5. DistributedDataParallel (DDP) Framework¶
Training deep neural networks on videos is very time consuming. For example, training a state-of-the-art SlowFast network on Kinetics400 dataset (with 240K 10-seconds short videos) using a server with 8 V100 GPUs takes more than 10 days. Slow training causes long research cycles and is not friendly for new comers and students to work on video related problems. Using distributed training is a natural choice. Spreading the huge computation over multiple machines can speed up training a lot. However, only a few open sourced Github repositories on video understanding support distributed training, and they often lack documentation for this feature. Besides, there is not much information/tutorial online on how to perform distributed training for deep video models.
Hence, we provide a simple tutorial here to demonstrate how to use our DistributedDataParallel (DDP) framework to perform efficient distributed training. Note that, even in a single instance with multiple GPUs, DDP should be used and is much more efficient that vanilla dataparallel.
There are two ways in which we can distribute the workload of training a neural network across multiple devices, data parallelism and model parallelism. Data parallelism refers to the case where each device stores a complete copy of the model. Each device works with a different part of the dataset, and the devices collectively update a shared model. When models are so large that they don’t fit into device memory, then model parallelism is useful. Here, different devices are assigned the task of learning different parts of the model. In this tutorial, we describe how to train a model with devices distributed across machines in a data parallel way. To be specific, we adopt DistributedDataParallel (DDP), which implements data parallelism at the module level that can be applied across multiple machines. DDP spawn multiple processes and create a single GPU instance per process. It can spread the computation more evenly and particular be useful for deep video model training.
In order to keep this tutorial concise, I wouldn’t go into details of what is DDP. Readers can refer to Pytorch Official Tutorials for more information.
How to use our DDP framework?¶
In order to perform distributed training, you need to (1) prepare the cluster; (2) prepare environment; and (3) prepare your code and data.
We need a cluster that each node can communicate with each other. The first step is to generate ssh keys for each machine. For better illustration, let’s assume we have 2 machines, node1 and node2.
First, ssh into node1 and type
ssh-keygen -t rsa
Just follow the default, you will have a file named
id_rsa and a file named
id_rsa.pub, both under the
id_rsa is the private RSA key, and
id_rsa.pub is its public key.
Second, copy both files (
id_rsa.pub) of node1 to all other machines.
For each machine, you will find an
authorized_keys file under
~/.ssh/ folder as well.
authorized_keys with the content of
This step will make sure all the machines in the cluster is able to communicate with each other.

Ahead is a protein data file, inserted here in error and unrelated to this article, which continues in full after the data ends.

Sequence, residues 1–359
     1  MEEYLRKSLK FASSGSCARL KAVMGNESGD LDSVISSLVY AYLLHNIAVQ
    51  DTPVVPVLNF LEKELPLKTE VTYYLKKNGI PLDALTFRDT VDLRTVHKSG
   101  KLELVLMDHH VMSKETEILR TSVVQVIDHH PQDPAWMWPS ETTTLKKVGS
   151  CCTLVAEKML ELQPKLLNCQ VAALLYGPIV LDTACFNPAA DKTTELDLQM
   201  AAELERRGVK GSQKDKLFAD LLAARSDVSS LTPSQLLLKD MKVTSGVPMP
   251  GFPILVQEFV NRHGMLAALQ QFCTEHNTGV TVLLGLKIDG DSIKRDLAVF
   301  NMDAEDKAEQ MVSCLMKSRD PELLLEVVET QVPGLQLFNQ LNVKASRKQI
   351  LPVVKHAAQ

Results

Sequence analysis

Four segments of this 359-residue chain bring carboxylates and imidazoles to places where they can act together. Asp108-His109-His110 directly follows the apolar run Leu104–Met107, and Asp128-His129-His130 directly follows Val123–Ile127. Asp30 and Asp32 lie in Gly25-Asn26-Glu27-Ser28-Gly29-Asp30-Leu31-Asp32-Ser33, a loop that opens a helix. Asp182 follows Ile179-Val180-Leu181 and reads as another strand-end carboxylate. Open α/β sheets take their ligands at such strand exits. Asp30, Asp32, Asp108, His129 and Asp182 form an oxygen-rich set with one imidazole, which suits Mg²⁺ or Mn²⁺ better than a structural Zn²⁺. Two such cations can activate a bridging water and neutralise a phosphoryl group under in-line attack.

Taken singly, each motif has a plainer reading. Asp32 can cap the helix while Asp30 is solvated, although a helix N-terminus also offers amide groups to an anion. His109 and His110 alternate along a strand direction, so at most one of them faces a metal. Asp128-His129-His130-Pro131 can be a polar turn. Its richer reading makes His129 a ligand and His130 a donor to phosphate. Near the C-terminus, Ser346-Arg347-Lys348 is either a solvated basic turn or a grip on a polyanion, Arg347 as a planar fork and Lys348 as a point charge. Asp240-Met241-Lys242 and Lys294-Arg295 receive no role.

Before moving on to next step, it is better to perform some sanity checks to make sure the communication is good.
For example, if you can successfully ssh into other machines, it means they can communicate with each other now. You are good to go.
If there is any error during ssh, you can use option
-vvv to get verbose information for debugging.
Once you get the cluster ready, it is time to prepare the enviroment. Please check GluonCV installation guide for more information. Every machine should have the same enviroment, such as CUDA, PyTorch and GluonCV, so that the code is runnable.
Now it is time to prepare your code and data in each node. In terms of code change, you only need to modify the DDP_CONFIG part in the yaml configuration file. For example, in our case we have 2 nodes, then change WORLD_SIZE to 2. WOLRD_URLS contains all machines’ IP used for training (only support LAN IP for now), you can put their IP addresses in the list. If AUTO_RANK_MATCH is True, the launcher will automatically assign a world rank number to each machine in WOLRD_URLS, and consider the first machine as the root. Please make sure to use root’s IP for DIST_URL. If AUTO_RANK_MATCH is False, you need to manually set a ranking number to each instance. The instance assigned with rank=0 will be considered as the root machine. We suggest always enable AUTO_RANK_MATCH. An example configuration look like below,
DDP_CONFIG: AUTO_RANK_MATCH: True WORLD_SIZE: 2 # Total Number of machines WORLD_RANK: 0 # Rank of this machine DIST_URL: 'tcp://172.31.72.195:23456' WOLRD_URLS: ['172.31.72.195', '172.31.72.196'] GPU_WORLD_SIZE: 8 # Total Number of GPUs, will be assigned automatically GPU_WORLD_RANK: 0 # Rank of GPUs, will be assigned automatically DIST_BACKEND: 'nccl' GPU: 0 # Rank of GPUs in the machine, will be assigned automatically DISTRIBUTED: True
Once it is done, you can kickstart the training on each machine. Simply run train_ddp_pytorch.py/test_ddp_pytorch.py with the desire configuration file on each instance, e.g.,
python train_ddp_pytorch.py --config-file XXX.yaml
If you are using multiple instances for training, we suggest you start running on the root instance firstly and then start the code on other instances. The log will only be shown on the root instance by default.
In the end, we want to point out that we have integrated dataloader and training/testing loop in our DDP framework. If you simply want to try out our model zoo on your dataset/usecase, please see previous tutorial on how to finetune. If you have your new video model, you can add it to the model zoo (e.g., a single .py file) and enjoy the speed up brought by our DDP framework. You don’t need to handle the multiprocess dataloading and the underlying distributed training setup.
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